Player movement can be tough on a fanbase. Supporters of NHL teams are often forced to watch the players that their favourite franchise drafted and developed go on to find success elsewhere, and that’s never easy – though at least hockey fans have it better than those who follow the NBA, where superstars seem to swap addresses on a yearly basis.
In both the past and present, the Vancouver Canucks fanbase has felt the sting of regrettable transactions. Sure, winning a trade – see Gudbranson-for-Pearson or Stojanov-for-Naslund – is all well and good, but it just doesn’t match the hurt that comes from a less fortuitous deal – like the one that brought Erik Gudbranson to Vancouver in the first place or the one that sent Cam Neely to Boston and then the Hockey Hall of Fame.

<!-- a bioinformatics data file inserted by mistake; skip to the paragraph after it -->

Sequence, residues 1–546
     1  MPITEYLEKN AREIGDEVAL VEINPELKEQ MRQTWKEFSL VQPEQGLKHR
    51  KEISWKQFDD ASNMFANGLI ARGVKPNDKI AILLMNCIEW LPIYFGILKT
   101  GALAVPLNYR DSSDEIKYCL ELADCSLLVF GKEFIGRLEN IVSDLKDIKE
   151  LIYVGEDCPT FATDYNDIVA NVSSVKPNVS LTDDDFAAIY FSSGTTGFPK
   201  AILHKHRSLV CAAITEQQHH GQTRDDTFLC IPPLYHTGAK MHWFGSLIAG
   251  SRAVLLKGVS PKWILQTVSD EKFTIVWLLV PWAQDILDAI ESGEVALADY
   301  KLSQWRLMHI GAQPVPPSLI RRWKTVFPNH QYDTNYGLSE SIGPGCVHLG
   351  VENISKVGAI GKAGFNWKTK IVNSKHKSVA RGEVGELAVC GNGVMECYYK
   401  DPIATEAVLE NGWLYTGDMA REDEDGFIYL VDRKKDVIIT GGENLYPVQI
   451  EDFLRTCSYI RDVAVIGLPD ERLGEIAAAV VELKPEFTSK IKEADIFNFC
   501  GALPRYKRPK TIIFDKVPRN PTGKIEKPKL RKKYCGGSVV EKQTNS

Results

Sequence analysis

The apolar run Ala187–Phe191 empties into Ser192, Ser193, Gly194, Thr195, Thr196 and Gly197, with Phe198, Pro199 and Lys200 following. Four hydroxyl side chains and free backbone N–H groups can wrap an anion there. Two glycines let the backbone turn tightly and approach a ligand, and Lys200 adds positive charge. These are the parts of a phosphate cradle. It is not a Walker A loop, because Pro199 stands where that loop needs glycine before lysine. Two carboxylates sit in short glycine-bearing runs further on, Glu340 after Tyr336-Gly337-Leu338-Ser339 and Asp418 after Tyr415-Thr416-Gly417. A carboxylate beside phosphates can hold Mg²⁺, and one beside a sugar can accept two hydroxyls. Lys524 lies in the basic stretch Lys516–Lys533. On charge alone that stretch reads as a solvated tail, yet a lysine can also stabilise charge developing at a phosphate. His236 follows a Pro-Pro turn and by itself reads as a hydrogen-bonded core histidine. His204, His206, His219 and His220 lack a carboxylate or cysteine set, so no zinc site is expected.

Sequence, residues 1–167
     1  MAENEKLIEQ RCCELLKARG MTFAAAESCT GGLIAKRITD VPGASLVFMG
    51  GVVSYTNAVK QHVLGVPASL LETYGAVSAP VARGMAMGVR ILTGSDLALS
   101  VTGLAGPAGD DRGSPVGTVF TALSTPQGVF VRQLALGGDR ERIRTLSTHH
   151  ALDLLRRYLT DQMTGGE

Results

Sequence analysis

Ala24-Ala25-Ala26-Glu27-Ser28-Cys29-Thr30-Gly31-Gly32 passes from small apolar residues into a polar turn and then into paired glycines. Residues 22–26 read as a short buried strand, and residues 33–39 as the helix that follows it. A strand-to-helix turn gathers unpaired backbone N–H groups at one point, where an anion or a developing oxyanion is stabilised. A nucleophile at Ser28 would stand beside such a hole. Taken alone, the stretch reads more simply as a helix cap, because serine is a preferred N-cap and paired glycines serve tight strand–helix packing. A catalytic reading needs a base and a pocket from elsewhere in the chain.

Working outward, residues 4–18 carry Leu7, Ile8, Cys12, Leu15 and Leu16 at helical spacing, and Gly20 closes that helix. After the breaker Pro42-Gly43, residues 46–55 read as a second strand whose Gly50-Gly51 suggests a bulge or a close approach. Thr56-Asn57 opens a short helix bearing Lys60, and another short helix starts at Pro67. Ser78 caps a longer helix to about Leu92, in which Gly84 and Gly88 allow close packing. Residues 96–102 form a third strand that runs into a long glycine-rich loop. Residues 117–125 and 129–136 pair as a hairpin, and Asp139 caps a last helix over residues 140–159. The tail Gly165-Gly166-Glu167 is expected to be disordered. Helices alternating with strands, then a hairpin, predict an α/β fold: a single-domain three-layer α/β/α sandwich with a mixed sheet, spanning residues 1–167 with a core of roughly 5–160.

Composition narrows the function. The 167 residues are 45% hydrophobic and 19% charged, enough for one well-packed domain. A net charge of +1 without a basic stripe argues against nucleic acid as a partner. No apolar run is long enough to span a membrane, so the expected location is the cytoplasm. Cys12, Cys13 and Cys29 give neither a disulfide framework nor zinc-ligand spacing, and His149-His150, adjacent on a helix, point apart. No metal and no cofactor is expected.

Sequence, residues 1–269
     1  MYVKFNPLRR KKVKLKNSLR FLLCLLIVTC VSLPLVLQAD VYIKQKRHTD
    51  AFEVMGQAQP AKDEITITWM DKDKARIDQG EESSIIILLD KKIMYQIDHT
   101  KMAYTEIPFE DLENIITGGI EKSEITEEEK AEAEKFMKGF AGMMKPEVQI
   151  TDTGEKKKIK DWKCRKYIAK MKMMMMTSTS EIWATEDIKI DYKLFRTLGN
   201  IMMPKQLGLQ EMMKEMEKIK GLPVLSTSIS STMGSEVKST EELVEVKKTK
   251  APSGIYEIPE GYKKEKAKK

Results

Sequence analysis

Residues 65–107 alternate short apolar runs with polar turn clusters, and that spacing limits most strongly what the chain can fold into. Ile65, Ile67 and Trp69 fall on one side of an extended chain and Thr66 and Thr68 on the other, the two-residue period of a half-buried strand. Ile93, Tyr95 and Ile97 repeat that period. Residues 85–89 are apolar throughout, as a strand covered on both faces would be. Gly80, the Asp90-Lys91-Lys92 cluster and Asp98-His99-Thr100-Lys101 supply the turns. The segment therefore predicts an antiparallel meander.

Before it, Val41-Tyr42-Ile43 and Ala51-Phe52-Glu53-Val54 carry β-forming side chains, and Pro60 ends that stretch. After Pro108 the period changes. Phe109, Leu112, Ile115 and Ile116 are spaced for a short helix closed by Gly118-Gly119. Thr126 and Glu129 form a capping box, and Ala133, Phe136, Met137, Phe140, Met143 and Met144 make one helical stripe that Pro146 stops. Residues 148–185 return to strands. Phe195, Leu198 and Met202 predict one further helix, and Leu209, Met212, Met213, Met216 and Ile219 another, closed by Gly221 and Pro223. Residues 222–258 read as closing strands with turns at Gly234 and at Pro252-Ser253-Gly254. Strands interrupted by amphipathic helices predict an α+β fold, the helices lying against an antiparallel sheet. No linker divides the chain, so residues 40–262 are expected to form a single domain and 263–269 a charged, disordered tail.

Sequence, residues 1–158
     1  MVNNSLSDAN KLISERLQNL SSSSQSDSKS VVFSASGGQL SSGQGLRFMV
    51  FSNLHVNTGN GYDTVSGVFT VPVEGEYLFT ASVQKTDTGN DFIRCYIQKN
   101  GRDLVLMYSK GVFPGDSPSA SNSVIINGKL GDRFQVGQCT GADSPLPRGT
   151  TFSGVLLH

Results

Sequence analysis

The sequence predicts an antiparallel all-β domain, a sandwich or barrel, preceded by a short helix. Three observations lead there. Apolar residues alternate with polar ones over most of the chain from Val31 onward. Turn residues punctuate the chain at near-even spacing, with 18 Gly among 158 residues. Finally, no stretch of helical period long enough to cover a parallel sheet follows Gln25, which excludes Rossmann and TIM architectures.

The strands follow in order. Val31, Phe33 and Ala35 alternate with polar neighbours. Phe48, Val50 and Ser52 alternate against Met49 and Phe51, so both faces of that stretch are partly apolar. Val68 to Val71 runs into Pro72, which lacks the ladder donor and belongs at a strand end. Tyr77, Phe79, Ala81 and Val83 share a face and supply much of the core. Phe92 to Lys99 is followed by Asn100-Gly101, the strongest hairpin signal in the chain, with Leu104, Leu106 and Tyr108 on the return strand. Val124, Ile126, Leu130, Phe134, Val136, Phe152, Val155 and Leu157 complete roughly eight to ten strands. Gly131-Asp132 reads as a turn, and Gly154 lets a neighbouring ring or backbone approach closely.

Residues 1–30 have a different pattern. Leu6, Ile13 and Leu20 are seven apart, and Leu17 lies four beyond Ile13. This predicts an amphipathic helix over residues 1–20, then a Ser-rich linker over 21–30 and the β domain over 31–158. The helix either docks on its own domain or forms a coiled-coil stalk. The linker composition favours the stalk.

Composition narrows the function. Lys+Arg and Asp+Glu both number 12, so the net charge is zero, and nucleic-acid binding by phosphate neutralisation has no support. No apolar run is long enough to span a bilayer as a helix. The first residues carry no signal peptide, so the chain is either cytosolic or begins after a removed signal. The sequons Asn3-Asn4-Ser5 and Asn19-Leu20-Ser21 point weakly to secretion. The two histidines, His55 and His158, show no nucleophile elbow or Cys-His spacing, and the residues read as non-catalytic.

And for every quality free agent signing, there’s sure to be a Loui Eriksson waiting in the wings to give fans conniptions on each-and-every Canada Day.
The cruel nature of player movement has often led to idle fantasizing about a return to the good ol’ days of sport, where an individual played for the franchise that drafted them until they retired – or until the owner ran them out of town, whichever came first. From the perspective of this labour-supporting author, that sounds pretty terrible – but it also makes for fun speculation, so we’re going to dive in anyway.
Please enjoy this hypothetical look at what the Vancouver Canucks’ roster would look like in 2019/20 if trades and unrestricted free agency did not exist. That means the Canucks would only be able to use players they had actually selected in the Entry Draft – or those they signed as undrafted prospects, like the Chris Tanevs and Kellan Lains of the world.